The simplest methods to stipulate the anaerobic threshold
are listen to your
breathing: if you will pant then you sit around the threshold. Much more
reliable are Conconi-test, the effort test where the intensity is step by
step intensified and thereby the belonging heart rate measured. It
goes there from the heartrate linearly increases at increasing the
speed to the anaerobic threshold. Beyond this threshold goes this linear link
lost. After the test using a heart rate graph the threshold is valued.
For the implementation of the test is necessary: a 400m
athletic track, a heart rate monitor and possibly a helper who notes the times
and thereby the belonging heart rate.
Do a warming-up of about 20 minutes. Hereafter the test starts.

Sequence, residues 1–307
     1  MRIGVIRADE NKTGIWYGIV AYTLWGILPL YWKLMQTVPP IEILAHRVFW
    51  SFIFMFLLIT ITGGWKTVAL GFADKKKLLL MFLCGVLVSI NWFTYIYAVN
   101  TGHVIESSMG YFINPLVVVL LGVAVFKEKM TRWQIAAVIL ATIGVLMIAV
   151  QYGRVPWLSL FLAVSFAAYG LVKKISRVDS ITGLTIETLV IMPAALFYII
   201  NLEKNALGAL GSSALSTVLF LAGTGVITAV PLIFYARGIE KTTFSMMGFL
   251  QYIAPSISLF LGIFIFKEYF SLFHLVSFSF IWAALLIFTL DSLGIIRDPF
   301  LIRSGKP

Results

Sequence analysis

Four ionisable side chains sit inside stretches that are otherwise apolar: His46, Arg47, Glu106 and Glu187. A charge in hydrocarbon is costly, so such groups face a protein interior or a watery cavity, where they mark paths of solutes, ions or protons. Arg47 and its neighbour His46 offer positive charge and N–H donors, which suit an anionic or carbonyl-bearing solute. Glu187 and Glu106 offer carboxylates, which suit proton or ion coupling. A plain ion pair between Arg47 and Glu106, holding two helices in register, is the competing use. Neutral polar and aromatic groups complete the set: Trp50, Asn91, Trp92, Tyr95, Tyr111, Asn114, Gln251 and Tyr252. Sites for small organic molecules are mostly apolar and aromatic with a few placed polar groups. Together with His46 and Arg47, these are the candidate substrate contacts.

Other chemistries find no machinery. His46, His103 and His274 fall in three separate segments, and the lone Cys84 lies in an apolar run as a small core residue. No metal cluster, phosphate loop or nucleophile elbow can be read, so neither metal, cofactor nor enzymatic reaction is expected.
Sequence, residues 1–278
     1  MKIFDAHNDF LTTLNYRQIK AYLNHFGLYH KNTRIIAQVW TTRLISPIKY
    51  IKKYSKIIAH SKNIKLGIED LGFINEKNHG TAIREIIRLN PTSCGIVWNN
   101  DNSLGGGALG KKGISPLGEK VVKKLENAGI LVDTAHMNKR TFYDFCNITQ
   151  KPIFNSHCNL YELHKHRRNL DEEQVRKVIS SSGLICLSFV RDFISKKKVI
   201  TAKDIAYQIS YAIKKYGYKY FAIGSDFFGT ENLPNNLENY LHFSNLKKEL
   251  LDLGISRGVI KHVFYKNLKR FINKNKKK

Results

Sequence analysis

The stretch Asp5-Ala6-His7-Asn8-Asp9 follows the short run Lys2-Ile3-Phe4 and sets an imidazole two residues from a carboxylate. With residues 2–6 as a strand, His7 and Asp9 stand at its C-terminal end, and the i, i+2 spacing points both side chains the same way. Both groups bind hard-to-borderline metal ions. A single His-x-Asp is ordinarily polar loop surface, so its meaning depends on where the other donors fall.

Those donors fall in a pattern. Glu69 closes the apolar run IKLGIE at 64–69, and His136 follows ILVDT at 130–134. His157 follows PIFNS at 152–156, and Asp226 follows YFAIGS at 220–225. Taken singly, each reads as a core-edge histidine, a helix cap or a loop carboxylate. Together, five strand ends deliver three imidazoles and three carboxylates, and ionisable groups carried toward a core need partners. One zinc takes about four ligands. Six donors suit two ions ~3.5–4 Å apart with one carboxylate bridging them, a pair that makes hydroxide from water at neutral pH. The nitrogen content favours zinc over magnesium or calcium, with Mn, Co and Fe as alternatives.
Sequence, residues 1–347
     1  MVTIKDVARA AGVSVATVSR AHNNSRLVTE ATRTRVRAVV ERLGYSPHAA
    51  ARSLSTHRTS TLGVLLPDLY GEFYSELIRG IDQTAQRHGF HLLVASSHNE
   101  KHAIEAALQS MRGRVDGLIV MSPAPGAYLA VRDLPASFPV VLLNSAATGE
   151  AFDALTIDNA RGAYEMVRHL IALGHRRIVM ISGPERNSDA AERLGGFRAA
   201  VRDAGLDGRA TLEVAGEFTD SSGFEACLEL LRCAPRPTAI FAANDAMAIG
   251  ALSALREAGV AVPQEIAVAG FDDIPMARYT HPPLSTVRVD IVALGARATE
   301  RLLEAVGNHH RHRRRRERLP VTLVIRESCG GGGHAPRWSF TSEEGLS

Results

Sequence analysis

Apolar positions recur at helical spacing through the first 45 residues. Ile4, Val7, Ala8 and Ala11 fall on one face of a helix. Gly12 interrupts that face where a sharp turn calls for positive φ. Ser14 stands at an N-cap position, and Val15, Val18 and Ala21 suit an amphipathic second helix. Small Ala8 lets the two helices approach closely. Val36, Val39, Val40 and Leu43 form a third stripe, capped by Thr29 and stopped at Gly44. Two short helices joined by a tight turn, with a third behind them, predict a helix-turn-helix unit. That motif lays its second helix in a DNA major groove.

It is the intention that every 200m approximately 2 à 3 seconds
more rapidly is run.The beginning speed of the first 200m must
stand expect in reasonable proportion with the speed of
eventually the threshold speed. In other words take 12 up to 16
200m-times so that it is run in sum about 10 à 12 minutes. Thus
start less well-trained the first 200m in 75 seconds, well
trained start with 60 seconds. After each 200m a helper notes
the running time and the heart rate. At a heart rate monitor
with memory a helper is of course not necessary: busy on the
memory bud is sufficient. You make more runs until you start
pant considerably: you run then above the anaerobic threshold.
Calculate firstly what km/hour course speeds by 200m is. The formula for this
is: speed = 720/time.
Then you will develop the data in a heart rate/speed graph; draw a line by the
points. The heart rate increases linear to the threshold speed. This means that
the bend in the curve is the break-even point!
A clear example
To make it more clear, an example of someone with anaerobic threshold of 182 and thereby a belonging running
speed of 14.0 km/h. See also after the rack table the graph of Conconi.